Gaming Week In Review: First Cuban indie game, ‘Evolve’ development ceases, ‘Ark’ update
A two-man team from Havana has started a crowdfunding project to create the first Cuban indie game, Savior.
Cuba’s steadily improving relationship with the U.S. and the rest of the world has started opening up many new possibilities for the inhabitants of the island nation. Earlier this week, two men from Havana started a crowdfunding campaign to create the country’s first independently developed video game.
Savior is a 2D action-platformer where players guide a “Little God” through a crumbling world besieged by a donkey-headed antagonist, “The Great God.” The game is inspired by the two developers’ experiences in Cuba and portrayed through crumbling scenery and hand-drawn artwork and animation.
Josuhe H. Pagliery and Johann H. Armenteros have been experimenting with game design and programming together for the past few years, but have previously faced many challenges when looking to start a larger project. According to the game’s website, financial backing for such a venture was difficult to find in Cuba, and limited internet access and outdated technology have made the development process all but impossible until the last few years.
With support from The Ludwig Foundation of Cuba and U.S.-based tech incubator The Foundation, the two have received the necessary connections and backing to present their game to the public through an Indiegogo campaign.
Their campaign is seeking $10,000 to complete the project and has already received $9,500 pledged in support. You can check on its progress here.
After a catastrophic launch and lackluster free-to-play revival, Turtle Rock Studios has announced it will be ending all development on Evolve.
Evolve is a game that never really made it off the ground. Losing most of its player base within a few weeks of launching and later revamping major mechanics to make it free-to-play, the game may have finally entered its death throes now that Turtle Rock Studios has publicly announced it will be ending all continued development on the game.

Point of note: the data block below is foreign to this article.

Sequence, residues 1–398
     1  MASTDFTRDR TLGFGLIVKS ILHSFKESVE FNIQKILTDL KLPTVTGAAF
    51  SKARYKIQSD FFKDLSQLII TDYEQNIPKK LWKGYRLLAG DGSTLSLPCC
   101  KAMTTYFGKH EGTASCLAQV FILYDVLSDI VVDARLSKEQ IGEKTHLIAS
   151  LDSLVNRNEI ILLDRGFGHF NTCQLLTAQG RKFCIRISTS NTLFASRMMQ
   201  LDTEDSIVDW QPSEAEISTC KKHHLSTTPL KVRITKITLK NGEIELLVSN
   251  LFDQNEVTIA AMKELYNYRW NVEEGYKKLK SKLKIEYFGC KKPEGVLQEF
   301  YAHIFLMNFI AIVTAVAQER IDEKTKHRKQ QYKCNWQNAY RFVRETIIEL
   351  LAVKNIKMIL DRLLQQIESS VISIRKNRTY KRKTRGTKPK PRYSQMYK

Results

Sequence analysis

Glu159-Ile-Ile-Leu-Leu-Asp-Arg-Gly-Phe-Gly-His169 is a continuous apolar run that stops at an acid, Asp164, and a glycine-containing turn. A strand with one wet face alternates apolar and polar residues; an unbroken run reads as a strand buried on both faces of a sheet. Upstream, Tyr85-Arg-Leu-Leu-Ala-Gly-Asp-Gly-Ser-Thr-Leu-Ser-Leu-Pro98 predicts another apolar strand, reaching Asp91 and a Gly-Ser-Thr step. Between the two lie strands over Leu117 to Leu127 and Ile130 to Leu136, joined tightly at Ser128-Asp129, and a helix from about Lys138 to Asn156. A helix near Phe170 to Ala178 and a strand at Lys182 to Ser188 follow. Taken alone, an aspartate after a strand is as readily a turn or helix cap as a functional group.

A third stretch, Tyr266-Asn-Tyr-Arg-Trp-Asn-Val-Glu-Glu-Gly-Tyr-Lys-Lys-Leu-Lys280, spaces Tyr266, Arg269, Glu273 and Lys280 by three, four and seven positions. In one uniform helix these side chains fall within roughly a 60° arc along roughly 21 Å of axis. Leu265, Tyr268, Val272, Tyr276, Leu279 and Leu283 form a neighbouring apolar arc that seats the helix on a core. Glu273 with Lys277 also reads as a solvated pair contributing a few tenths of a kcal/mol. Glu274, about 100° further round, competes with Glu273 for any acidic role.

The asymmetrical multiplayer game features four players in the role of monster hunters while the fifth player controls the hunted monster (or in many cases the monster hunting them). Regarded as imbalanced, repetitive and lacking in content at launch, the game relaunched earlier this year with a drastically redesigned progression system, major balancing changes and a free-to-play business model. The relaunch received a moderate reception but still fell flat when compared to the studio’s previous hit, the Left 4 Dead franchise.
Evolve Stage 2 will continue to be downloadable and playable for the foreseeable future. You can download it for free via Steam here.
Ark: Survival Evolved patch contains procedurally generated maps and a host of other features.
Among the many early-access crafting-based multiplayer survival games floating around in the online ether, Ark: Survival Evolved stands out as one of the most well-regarded and technically sound of the specific, yet popular genre. It may have drawn some recent controversy over its publisher releasing a DLC content pack (Ark: Scorched Earth) while the game is still in early access, but its most recent update still brings some major features to the developing game.
Patch 248 features procedurally generated maps, which will make each map unique by randomly placing mountain ranges, lakes, rivers and the like to further flesh out the game’s “living ecosystem.”
The patch also features several new prehistoric creatures, including the alligator-like Kaprosuchus and boulder-tossing Chalicotherium. You can also now find artifacts hidden around the game world that will temporarily grant an experience boost to help with the game’s notably long leveling grind.
Though the full launch of the game still seems far off, you can check out its current early access build here.
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